– Xochielt Sanchez
Answer by Marc Bodnick:
This is a good question, because it doesn't seem intuitive that offering two bigger phones (bigger and even bigger) was the right tactic for maximizing near-term revenues. Why not offer one awesome bigger phone, and then offer another option which was basically a refresh of the iPhone 5?
It seems to me that Apple's decision to launch two big phones was motivated — at least in part — by long-term strategic and competitive considerations.
The iPhone 6 / 6 Plus release represents a brutal competitive attack aimed at Android and Samsung.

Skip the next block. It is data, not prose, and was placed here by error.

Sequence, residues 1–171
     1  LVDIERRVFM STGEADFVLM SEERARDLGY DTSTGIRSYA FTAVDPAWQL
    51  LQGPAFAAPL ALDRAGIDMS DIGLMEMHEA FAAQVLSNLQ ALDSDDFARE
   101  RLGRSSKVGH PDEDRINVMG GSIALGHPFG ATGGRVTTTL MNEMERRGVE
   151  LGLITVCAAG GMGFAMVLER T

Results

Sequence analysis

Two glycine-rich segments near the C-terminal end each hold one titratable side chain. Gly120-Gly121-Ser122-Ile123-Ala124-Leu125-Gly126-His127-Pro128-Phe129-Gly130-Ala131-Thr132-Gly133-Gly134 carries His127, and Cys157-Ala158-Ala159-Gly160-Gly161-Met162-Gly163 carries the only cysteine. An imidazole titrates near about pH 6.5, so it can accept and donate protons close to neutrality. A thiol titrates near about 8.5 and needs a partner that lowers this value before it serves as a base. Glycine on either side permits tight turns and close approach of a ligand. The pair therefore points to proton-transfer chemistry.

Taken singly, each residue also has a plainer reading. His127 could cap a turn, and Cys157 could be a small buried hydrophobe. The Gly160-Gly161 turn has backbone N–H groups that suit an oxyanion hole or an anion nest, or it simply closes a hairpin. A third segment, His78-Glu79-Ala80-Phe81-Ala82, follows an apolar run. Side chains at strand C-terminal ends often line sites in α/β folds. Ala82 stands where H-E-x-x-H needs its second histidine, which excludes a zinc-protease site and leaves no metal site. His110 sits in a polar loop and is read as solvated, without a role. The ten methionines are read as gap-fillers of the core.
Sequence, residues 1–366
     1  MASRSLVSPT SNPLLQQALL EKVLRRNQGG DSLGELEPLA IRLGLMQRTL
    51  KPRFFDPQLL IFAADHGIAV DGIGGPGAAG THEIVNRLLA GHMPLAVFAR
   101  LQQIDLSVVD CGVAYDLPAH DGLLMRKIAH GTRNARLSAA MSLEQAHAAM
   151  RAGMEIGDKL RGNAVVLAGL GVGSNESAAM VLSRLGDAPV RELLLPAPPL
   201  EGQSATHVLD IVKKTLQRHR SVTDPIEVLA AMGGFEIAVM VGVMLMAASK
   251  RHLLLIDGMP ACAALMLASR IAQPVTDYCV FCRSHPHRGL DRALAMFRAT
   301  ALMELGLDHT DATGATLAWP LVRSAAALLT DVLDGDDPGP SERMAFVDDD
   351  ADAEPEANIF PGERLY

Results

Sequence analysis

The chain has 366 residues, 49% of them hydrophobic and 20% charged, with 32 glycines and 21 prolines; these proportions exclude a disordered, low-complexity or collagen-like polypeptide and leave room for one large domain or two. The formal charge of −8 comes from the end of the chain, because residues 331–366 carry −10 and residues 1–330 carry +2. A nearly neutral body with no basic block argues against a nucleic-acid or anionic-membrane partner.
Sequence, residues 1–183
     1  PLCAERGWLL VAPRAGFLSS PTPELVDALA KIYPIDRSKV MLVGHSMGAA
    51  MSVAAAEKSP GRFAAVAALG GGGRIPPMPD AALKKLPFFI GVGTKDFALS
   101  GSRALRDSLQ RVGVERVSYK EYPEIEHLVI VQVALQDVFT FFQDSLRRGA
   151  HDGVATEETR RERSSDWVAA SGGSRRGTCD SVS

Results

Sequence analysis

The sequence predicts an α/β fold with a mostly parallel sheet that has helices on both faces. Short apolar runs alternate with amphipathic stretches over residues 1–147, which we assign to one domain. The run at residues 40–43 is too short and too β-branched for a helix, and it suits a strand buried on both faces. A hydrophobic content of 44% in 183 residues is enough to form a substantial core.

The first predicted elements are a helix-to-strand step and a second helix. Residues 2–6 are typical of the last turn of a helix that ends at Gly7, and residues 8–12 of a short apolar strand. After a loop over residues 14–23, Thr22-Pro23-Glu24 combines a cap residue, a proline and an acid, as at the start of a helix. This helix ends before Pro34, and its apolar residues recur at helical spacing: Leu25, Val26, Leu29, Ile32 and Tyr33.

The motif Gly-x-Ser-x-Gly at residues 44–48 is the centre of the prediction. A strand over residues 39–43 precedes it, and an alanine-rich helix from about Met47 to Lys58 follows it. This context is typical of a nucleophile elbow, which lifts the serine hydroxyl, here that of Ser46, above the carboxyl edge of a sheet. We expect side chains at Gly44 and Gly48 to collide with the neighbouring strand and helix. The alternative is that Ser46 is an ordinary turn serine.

- By offering two phones bigger than the iPhone 5S, Apple has hammered Samsung with a "block the sun" strategy aimed at offering an awesome device at every imaginable size of mobile device.
- With the iPhone 6 and 6 Plus announcement, Apple is telling consumers everywhere — "if device size is what you care about, we will take care of you."
- This is a radical departure from Apple's previous Jobs-ian meta-message which was — "We [Apple] will decide the one size that we think is best, and if you don't like it, tough."
See this photo below which has been popular on the internet:
This meta-message is really brutal for Samsung. Yeah, I understand there are a bunch of reasons for people to choose non-Apple devices, but one of the biggest reasons was historical frustration with Apple's limited size points. Now that's over, and Apple is basically signaling that it's over for good.